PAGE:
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Published byCaroline Dempsey Modified over 3 years ago

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Ch. 17 #11-12: These problems are just KE problems, like good old ½mv 2, with the slight twist that you must convert the KE values from eV to Joules before you begin.

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Ch. 17 #14-15: The answers on the answer sheet were calculated using k=8.99E9. If you use 9.0E9 instead (like I asked you to), youll get… 14. 240,000V 15. 2.083nC

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Ch. 17 #16: Since youre calculating work, you know that the easiest way with charge arrangements tend to be W=q V. This means you need to calculate the value of V initially and finally. When you do these, you should arrive at V i =3.938E6V, and V f =9.0E6V. (Keep in mind that both values involve adding the potential due to both charges.) Once youve got these values, the rest of the problem shouldnt be too rough.

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Ch. 17 #19: Calculate the values for potential due to each of the three charges, in terms of k,Q, and L. Then total up these values. Be careful to remember that potential isnt a vector (Yay!), but that it still matters whether its positive or negative.

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Ch. 17 #20: If youre going to eventually calculate speed, which is associated with KE, you need to know the potential difference through which the electron will be accelerated. Begin by finding the potential at its initial location, and then assume that V f = 0, since it will be very far away. Once you know the potential difference, you should be able to calculate final speed.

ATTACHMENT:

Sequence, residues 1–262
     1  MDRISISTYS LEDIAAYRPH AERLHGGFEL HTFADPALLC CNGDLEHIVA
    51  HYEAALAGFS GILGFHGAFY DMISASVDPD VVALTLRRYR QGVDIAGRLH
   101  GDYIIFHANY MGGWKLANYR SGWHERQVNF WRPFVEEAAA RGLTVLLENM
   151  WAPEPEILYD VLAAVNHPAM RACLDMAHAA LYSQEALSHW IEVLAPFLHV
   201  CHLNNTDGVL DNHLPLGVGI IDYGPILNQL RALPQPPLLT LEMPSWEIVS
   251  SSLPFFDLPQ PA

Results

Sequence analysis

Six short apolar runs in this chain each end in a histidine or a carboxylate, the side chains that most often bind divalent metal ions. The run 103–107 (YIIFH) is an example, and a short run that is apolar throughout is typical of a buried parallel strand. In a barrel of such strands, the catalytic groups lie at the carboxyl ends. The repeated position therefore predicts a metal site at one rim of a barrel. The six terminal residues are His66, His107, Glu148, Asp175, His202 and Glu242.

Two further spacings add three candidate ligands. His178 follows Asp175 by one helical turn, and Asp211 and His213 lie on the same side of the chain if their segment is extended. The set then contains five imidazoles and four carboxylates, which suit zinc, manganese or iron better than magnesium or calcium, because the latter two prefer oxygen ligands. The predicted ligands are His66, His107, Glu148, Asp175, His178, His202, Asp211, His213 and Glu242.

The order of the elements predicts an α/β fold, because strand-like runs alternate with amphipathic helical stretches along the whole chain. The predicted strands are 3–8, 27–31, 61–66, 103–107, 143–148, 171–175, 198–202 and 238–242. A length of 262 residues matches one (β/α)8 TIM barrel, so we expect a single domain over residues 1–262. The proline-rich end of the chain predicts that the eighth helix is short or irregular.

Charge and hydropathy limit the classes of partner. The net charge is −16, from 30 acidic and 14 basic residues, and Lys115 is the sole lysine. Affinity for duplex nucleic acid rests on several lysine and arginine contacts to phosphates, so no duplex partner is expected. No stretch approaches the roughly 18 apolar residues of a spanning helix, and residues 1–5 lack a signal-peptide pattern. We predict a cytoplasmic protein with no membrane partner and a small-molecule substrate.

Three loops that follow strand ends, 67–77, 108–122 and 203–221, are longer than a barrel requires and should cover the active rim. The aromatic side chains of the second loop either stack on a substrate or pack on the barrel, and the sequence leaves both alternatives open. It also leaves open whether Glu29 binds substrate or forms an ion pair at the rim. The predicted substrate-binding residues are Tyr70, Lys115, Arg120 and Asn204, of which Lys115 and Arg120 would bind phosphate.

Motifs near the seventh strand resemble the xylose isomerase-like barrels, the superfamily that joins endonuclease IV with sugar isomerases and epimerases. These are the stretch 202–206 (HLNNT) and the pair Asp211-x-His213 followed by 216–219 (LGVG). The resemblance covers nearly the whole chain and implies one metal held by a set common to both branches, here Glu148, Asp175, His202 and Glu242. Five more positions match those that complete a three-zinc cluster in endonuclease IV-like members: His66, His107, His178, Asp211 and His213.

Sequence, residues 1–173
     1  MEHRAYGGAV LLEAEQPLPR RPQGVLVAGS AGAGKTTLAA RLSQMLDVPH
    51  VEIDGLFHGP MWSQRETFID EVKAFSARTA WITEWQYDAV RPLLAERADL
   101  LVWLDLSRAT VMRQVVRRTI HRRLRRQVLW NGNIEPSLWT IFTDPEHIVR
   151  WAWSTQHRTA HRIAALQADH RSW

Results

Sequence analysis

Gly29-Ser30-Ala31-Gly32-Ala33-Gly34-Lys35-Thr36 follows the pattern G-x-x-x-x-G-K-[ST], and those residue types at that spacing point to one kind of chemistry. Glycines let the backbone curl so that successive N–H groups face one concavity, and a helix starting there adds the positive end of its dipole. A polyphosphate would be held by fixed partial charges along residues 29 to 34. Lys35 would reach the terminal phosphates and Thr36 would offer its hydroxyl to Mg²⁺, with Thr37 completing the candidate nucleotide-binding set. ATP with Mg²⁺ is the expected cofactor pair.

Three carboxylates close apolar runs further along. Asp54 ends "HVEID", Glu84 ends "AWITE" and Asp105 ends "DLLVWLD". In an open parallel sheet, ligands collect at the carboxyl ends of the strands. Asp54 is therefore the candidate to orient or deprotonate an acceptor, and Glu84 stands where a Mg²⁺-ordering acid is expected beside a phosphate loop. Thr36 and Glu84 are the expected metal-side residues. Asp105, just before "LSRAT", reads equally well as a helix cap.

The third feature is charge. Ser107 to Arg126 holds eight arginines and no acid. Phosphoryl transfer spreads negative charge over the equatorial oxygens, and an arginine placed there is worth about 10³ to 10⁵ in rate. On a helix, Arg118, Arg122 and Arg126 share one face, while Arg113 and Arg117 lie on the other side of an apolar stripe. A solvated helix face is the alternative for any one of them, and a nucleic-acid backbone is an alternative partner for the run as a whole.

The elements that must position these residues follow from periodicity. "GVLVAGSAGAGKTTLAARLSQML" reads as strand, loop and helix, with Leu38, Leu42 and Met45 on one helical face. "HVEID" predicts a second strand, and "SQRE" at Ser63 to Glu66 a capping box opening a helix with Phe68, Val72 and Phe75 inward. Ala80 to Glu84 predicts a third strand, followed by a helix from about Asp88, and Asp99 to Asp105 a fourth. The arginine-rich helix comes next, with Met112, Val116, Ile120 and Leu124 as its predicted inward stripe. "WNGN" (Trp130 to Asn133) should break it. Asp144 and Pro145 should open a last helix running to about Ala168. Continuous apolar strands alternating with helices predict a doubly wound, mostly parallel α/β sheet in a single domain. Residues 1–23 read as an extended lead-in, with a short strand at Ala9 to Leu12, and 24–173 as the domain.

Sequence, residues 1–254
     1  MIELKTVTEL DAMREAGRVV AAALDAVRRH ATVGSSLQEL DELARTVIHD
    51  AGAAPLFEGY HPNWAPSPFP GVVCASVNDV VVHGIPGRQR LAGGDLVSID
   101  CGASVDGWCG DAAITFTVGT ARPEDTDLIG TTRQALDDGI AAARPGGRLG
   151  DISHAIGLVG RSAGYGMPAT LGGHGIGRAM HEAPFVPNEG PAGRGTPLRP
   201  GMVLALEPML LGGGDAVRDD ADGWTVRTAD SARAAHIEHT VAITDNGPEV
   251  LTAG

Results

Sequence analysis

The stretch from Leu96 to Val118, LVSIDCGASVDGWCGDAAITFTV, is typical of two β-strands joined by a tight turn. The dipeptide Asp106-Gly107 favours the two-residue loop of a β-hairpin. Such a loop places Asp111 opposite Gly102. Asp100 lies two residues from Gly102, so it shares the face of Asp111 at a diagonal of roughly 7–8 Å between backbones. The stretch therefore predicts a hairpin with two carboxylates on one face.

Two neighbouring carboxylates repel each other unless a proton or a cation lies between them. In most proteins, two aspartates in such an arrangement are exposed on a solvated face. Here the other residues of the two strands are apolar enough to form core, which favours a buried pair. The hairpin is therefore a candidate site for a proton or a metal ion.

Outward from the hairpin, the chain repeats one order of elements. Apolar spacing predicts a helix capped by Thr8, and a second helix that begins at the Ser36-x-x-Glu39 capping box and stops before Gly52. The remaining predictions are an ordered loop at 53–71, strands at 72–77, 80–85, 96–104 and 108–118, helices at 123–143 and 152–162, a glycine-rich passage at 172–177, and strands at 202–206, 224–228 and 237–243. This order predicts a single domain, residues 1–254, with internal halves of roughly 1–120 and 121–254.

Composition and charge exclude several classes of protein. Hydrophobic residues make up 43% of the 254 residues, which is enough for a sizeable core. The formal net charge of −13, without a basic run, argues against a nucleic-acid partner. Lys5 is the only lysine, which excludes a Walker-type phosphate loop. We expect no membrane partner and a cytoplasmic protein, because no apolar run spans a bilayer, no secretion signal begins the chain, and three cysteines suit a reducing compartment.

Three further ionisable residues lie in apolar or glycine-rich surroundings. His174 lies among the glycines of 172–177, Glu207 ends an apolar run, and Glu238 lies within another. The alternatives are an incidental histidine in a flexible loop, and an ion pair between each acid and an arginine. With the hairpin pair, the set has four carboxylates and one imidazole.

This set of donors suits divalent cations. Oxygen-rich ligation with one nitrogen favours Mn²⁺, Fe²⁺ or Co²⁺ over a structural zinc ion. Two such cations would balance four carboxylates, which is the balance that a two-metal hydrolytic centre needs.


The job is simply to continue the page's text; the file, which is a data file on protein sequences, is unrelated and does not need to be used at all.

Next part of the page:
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Ch. 17 #21: This ones a little weird. Its easiest if you think of energy conservation, which is a little different than the way youve been thinking. Instead of thinking W=q V, think that the energy initially in the system is all in the form of electric potential energy, calculated U E =qV, where either charge can be thought of as the source of the potential, and the other charge is being affected by that potential. (You should get 23.21J for this value.) -continued on the next page-

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Ch. 17 #21 (cont.): Since energy must remain constant, and since both charges should move the same as they repel each other, and since U E will eventually equal zero (when the charges get really, really far apart), you can just set your previously-calculated value for U E equal to the KE that both charges gain. This will lead to the correct answer for speed of both particles.

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Ch. 17 #22: Part A is very similar to the equilibrium problems we worked last chapter with forces. Just make sure you start by thinking through the general region where the E-field would be zero, where the two values could cancel each other directionally. Part B is similar, but with the twist that youre talking about potential instead of E-field, so no vectors (but still ± ) to consider. A trick is that there are two locations, closest to the smaller charge, where the V values would add up to be zero.

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